Stepping out of the Lindo Wing of St Mary’s Hospital in London with her new son in her arms on April 23, the Duchess of Cambridge was glossy and groomed for the world’s cameras just seven hours after giving birth.
While the hospital cameo by Kate, her husband Prince William and their little Prince Louis took only a few minutes, it was a precisely choreographed performance months in the making.
Behind the scenes, the new mother, 36, had a full team – not just of medical experts but key style advisers preparing her for the big moment.
Kate’s red Jenny Packham shift was a masterclass in literal dressing, referencing both Princess Diana’s 1984 leaving-hospital look and St George’s Day in one hit, but it is unlikely the idea was hers.
With the Duchess still in labour, her stylist Natasha Archer dropped off the dress to the hospital, as she did with Kate’s baby debut outfits for Prince George’s birth in 2013 and Princess Charlotte’s three years ago.
According to her LinkedIn profile, Ms Archer – who lists her employer as ‘The Royal Household’ – has worked for the monarch’s family since 2007.
She started her career with the Cambridges as a personal assistant, but for the past five years has been identified as one of the Duchess’s vital image makers.
She is credited with tempting Kate into Prada sandals instead of LK Bennett nude pumps, and Simone Rocha costume jewellery over heirloom diamonds. On her watch the Cambridge family has developed their trademark Pantone colour chart perfection.
While the palace has never confirmed Ms Archer’s official role as stylist, designers have spoken about how she sources outfit options for Kate’s engagements.
When the Duchess wore a grey Sentaler wrap coat, brand founder Bojana Sentaler said Ms Archer had “reached out” to the brand directly.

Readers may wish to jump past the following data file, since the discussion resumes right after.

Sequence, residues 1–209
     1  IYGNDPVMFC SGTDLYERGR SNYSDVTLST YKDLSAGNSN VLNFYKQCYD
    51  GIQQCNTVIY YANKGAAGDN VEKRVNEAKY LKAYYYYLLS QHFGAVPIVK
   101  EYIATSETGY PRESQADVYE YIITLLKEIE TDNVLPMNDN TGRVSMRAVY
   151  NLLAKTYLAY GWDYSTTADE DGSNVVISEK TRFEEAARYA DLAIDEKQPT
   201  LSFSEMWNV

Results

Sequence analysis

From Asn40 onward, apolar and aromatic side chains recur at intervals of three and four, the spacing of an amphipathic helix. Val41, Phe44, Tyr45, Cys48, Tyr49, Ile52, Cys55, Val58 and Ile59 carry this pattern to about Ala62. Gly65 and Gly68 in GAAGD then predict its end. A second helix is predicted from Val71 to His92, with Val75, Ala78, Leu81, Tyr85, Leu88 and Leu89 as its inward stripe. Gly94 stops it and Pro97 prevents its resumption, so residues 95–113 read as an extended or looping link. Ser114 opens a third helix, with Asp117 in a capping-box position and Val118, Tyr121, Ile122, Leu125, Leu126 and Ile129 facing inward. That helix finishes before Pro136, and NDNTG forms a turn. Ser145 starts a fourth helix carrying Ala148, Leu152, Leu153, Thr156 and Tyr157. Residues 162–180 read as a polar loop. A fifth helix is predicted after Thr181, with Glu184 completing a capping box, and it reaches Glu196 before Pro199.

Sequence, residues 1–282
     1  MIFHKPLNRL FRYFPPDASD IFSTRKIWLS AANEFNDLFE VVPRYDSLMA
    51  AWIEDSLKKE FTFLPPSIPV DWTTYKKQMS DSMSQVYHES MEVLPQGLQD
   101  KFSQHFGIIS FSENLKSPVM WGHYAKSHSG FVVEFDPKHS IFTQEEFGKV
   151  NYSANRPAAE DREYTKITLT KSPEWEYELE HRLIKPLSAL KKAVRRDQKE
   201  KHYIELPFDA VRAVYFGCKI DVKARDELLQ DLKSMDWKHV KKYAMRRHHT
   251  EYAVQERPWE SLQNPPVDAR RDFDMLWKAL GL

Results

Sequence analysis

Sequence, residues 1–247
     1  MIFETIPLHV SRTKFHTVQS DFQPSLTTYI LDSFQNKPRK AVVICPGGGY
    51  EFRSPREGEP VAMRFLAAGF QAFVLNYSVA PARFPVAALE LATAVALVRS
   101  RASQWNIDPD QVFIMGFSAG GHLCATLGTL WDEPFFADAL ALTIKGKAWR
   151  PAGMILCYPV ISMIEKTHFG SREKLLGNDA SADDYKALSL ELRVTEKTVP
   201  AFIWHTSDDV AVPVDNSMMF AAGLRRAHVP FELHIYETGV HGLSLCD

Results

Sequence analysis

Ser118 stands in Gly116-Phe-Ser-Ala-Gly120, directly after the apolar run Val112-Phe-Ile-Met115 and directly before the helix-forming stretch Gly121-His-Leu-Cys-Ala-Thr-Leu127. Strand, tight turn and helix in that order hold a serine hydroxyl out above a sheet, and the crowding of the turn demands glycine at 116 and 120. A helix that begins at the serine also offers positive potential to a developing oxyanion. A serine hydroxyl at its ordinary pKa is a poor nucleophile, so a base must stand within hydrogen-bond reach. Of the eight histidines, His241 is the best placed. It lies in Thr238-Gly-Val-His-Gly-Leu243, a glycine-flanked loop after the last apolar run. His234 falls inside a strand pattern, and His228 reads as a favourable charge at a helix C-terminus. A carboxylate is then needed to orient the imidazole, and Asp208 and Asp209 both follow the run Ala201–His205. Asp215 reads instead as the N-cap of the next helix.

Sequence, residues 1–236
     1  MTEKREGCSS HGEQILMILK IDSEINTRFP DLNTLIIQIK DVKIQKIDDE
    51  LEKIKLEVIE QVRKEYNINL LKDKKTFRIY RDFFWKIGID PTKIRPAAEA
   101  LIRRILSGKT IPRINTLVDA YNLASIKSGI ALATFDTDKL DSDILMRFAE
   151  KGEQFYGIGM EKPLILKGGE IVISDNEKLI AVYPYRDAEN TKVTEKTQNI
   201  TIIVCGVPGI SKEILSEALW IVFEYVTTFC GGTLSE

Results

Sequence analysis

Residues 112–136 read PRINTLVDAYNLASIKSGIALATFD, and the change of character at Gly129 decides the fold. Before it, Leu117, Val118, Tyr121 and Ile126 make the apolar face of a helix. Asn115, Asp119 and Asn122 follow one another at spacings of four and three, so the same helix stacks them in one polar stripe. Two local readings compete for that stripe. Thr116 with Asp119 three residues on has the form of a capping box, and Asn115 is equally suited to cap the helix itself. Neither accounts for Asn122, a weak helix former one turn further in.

“The entire relationship is very organic,” Ms Sentaler said.
A month before a tour of India in 2016, Ms Archer was pulling together looks for Kate and emailed Mumbai-born designer Anita Dongre.
“We sent her a ‘look book’, then she came in and got some pieces for fittings,” Ms Dongre told The Telegraph, raving about how Ms Archer customised a printed georgette dress by turning its stole into a belt: “She’s amazing – it looks breezy and so contemporary.”
While her rise to Kate’s stylist was accidental, Ms Archer is no stranger to aristocratic circles. Fluent in Spanish and Italian, she went to a private boarding school in Leicestershire before graduating from King’s College in London with a Hispanic Studies degree.
Last year, she married royals photographer Chris Jackson in a French chateau near Bordeaux, her long-sleeved Jenny Packham gown echoing Kate’s own wedding dress.
Also invaluable to Kate is hairdresser Amanda Cook Tucker, who trimmed William and Harry’s hair at her Knightsbridge salon when they were younger.
In 2012, Kate first entrusted what William has called her “nightmare” hair to Ms Cook Tucker for a tour of south-east Asia.
For £300 ($555) a day, she has since prepped the Duchess for everything from a three-hour hike in Bhutan to the cover of British Vogue’s centenary issue in 2016, and trims Kate’s hair at Kensington Palace every six to eight weeks.
Before the Cambridges’ Scandinavian tour this year, Ms Cook Tucker (who was behind Pippa Middleton’s wedding-day hair) shared a now-deleted Instagram post showing what is in her war chest: two hairdryers, 13 brushes, seven combs, three curling tongs and six products.
Among the surprisingly affordable products: L’Oreal’s Elnett Supreme Hold hairspray and a frizz-busting coconut oil.